The genome sequence is available in the GenBank database under accession numbers NC_008537 to NC_008539 and NC_008541. The genome was sequenced by the Department of Energy Joint Genome Initiative (DOE-JGI) and can be accessed at http://genome.jgi-psf.org/finished_microbes/art_f/art_f.home.html. The annotated sequence at this site was used for locating the CRD and construction of primer sequences. Multiple sequence alignment of Arth_4248 (ChrA) with other described and putative members of the CHR family of chromate efflux proteins  was performed using the ClustalX program and default setting for Gonnet series for protein weight matrix  and bootstrap Neighbor Joining tree options with 1000 resamplings. Output trees were visualized in Fig Tree http://tree.bio.ed.ac.uk/software/figtree/. Sequences were retrieved from the UniProt database  by conducting a search for ChrA sequences according to Diaz-Perez et al . Some additional eukaryotic sequences were found by conducting a similar search of the GenBank database . All short ChrA (SCHR) sequences (<350 amino acids) were excluded from the alignment. A total of 513 sequences (Additional files 1 and 2) were retrieved and aligned. Transmembrane helices were predicted using the TMHMM 2.0 server .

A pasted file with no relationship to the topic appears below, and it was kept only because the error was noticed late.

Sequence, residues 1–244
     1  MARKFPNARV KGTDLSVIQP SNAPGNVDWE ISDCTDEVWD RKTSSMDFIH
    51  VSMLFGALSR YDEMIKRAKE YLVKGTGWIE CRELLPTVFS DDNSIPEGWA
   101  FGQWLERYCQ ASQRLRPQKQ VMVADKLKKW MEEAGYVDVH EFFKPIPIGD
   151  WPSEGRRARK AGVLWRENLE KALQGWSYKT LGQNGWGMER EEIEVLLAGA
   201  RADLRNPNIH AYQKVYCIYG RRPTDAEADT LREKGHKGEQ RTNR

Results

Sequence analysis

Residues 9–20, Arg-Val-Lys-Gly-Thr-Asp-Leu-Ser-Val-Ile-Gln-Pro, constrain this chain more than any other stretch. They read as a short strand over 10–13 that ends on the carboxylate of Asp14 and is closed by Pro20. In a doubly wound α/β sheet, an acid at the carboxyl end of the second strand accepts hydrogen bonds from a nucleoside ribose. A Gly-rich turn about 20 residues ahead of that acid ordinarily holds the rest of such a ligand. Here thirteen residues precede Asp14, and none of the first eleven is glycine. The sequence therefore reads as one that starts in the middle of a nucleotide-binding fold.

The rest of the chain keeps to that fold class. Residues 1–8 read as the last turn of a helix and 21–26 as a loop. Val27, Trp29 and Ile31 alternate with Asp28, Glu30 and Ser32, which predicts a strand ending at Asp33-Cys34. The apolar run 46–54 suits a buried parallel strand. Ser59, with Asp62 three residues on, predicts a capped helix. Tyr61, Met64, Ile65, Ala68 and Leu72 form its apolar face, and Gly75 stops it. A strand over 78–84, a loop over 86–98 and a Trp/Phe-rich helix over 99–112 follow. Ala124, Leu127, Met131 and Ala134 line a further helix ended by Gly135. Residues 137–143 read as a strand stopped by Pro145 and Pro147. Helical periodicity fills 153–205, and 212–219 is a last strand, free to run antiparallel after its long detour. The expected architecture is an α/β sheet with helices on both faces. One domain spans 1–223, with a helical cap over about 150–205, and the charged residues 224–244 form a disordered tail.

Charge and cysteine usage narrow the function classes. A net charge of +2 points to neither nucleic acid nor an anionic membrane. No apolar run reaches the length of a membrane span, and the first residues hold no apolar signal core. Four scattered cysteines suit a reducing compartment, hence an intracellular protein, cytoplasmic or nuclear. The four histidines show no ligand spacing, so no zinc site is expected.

Cloning of chromate resistance determinant
A series of constructs were created to test expression of chromate resistance in strain D11. All constructs, except for pKH62 and pKH72, were prepared by subcloning into pBluescript SK+ (Stragene, La Jolla, CA) prior to cloning into pART2 . Recombinant plasmid DNA was transformed into strain D11 by electroporation as described elsewhere . Ampicillin was used for selection at a concentration of 100 μg ml-1 for pBluescript-derived transformants, and kanamycin was used at a concentration of 40 μg ml-1 for pART2-derived transformants. Plasmids were submitted to the Purdue University Core Genomics Center for validation of insert sequences.